Research Questions

The research underwent mapping rice growing area using several techniques of remote sensing as proposed by previous researchers to obtain good accuracy of the classified images. Satellite images might have a technical error such as images are covered by clouds which provides limited good satellite image for analysis. The article offers good classification images which are useful in monitoring rice growing mapping area in the Northern Region of Peninsular Malaysia.

Purpose of the Study

Paddy areas in the Northern Region of Peninsular Malaysia have decreased as urban development rise from year to year. Therefore, this article is purposely to monitor rice mapping area using remote sensing and GIS which provides valuable finding to responsible authorities in managing the study area. Satellite images were undergone image classification processes to assess changes in paddy area in the Northern Region of Peninsular Malaysia.

Research Methods

The study was carried out in Northwest Coast of Peninsular Malaysia which involves the state of Kedah, Perlis and Penang. It is located between latitude 5o 05’ N and 7o 23’ N and longitude 99o 38’E and 101o 09'E, with an area approximately 11,369 square kilometres (See Figure 01 ). Most of Malaysia's paddy rice production takes place in the northwest corner of the peninsular region, which are close to Thailand border (Xiao et al., 2006). It was estimated that over 3.98 million people reside in these states (Department of Statistics, 2010) which are technically making the population density of 350 people per square kilometres. This figure will eventually cause a build-up area to be getting denser. Furthermore, these three states had undergone rapid urban development, which will cause significant changes in the paddy rice field area. This phenomenon will increase demand for land which results in the encroachment of the built-up regions into agricultural area mainly paddy rice field area at the urban fringe (Elhadary et al., 2013).

Figure 1: The study area
The study area
See Full Size >

The second reason for selecting the northern region of Peninsular Malaysia is because these areas have the largest rice growing areas in Malaysia. The total areas are 96,558 hectares under Muda Agriculture Development Area (MADA), and 11,000 are under the Irrigated Agriculture Development Project. The area underwent rapid urbanisation since the 1970s. Therefore, it is timely that proper planning and monitoring of rice growing areas to be undertaken to preserve paddy growing areas and ensure national food security (Department of Agriculture, n.d.). Landsat 8 OLI/TIRS and time series Landsat 7 ETM+ satellite remote sensing data obtained from the United States Geological Survey (USGS) were used for this study. Landsat 8 OLI/TIRS was used to obtain data of 2014 whereas Landsat7 ETM+ images were used to acquire data of 2002, 2006 and 2010. Multi-source remote sensing images were used to map paddy rice field. In this study, the multispectral image of remote sensing data was used to identify changes in paddy field areas from the year 2002 to 2014. Thus, time series optical images (Landsat 8 OLI/TIRS and Landsat 7 ETM+) also have been utilised. Landsat image for the year 2002, 2006, 2010 and 2014 have been used and underwent supervised classification since this approach allows identifying of training stage of known class membership in the study areas. Next step is class allocation where cases (e.g. pixels) of unknown class membership were set to the class where they have the maximum similarity with some pre-defined decision rule. Then, the maximum likelihood classification was conducted which allocates each pixel to the class where it has the greatest probability of membership. The last stage of supervised classification is the verification stage, where the accuracy of the classification was evaluated (Foody, 1997). Moisture of land varies during different stages of paddy growth system, thus selecting correct training site is essential to detect the area of paddy rice field. Google Earth and land use data from the Federal Department of Town and Country Planning (FDTCP) North Zone have been used to identify the location paddy rice area. NDVI technique was utilised to identify value given pixel to evaluate the moisture of paddy rice soil site changes during the period. Different values were detected in an area of paddy field. Finally, the accuracy assessment was conducted to validate the image classification.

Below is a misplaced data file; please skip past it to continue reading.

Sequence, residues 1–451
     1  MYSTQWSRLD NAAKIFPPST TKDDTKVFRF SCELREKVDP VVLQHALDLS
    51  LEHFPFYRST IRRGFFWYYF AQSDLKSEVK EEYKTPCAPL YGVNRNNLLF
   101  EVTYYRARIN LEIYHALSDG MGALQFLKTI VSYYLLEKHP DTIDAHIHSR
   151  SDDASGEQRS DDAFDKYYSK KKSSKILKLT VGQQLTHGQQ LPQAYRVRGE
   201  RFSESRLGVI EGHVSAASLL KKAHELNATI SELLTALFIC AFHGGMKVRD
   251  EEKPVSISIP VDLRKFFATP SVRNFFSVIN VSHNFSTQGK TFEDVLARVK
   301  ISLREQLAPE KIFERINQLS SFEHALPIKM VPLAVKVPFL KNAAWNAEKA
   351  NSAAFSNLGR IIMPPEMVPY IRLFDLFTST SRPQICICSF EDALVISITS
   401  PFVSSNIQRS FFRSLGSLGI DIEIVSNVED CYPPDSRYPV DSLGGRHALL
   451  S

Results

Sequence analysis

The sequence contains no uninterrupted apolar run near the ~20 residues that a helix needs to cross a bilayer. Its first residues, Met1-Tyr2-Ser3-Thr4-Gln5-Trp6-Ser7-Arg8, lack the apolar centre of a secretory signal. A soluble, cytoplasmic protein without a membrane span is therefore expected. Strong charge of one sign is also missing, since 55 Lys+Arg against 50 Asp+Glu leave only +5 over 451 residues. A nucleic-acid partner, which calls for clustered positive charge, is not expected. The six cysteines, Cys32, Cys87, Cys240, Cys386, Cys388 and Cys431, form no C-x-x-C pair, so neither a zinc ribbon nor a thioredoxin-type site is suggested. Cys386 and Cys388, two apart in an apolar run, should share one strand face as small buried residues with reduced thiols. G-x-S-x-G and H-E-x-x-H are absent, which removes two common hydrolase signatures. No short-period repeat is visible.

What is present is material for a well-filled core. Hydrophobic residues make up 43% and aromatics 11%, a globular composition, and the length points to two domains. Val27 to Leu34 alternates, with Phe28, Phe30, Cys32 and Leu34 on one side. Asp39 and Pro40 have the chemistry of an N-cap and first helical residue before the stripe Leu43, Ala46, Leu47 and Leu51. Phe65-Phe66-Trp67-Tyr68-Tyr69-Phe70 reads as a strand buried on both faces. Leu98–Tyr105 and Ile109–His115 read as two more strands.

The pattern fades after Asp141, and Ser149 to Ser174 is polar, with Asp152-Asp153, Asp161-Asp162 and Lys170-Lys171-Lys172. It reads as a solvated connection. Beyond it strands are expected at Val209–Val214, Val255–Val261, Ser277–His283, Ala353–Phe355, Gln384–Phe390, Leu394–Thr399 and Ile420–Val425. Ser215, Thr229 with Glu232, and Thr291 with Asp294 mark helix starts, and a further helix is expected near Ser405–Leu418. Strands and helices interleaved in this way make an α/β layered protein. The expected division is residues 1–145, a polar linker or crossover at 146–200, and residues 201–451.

Findings

Figure 2: Land covers maps of the northern region, Peninsular Malaysia
Land covers maps of the northern region, Peninsular Malaysia
See Full Size >

This study used satellite images of 2002, 2006, 2010 and 2014 to map paddy growing areas in the Northern region of Peninsular Malaysia. Based on the image classification undertaken, four land cover maps were produced. Figure 02 shows land cover maps of indicated dates produced using maximum likelihood supervised classification. Landsat image of the year 2002 was a clear image with the minimum cloud, but for the year 2006 and 2010 the images had clouds cover which resulted the accuracy of the supervised images was slightly lower than the accuracy obtained for the year 2002. However, the accuracy of those three classified images was above 80 per cent, which was considered good classification and can be used for further analysis. The quality of Landsat 8 OLI/TIRS image of the year 2014 was very clear as it is the latest and powerful technology.

Figure 3: Area (in hectares) of each class for the different period
Area (in hectares) of each class for the different period
See Full Size >

Based on the land cover map generated from image classification, land cover comprised of 5 classes namely green forest, urban, other agriculture, paddy, and water bodies was produced. Figure 03 indicates the size of land cover for the five classes identified. Based on that figure, the paddy field area had decreased from 2002 to 2006 and had slightly increased between 2006 and 2010, but further decreased in 2014. This result was verified with the data from the Department of Agriculture (2013). The pattern of other land cover indicated that the area for green forest also decreased, while the areas used for other agriculture had increased from 2010 until 2014. During the study period, the urban land cover had experienced a steady increase in size.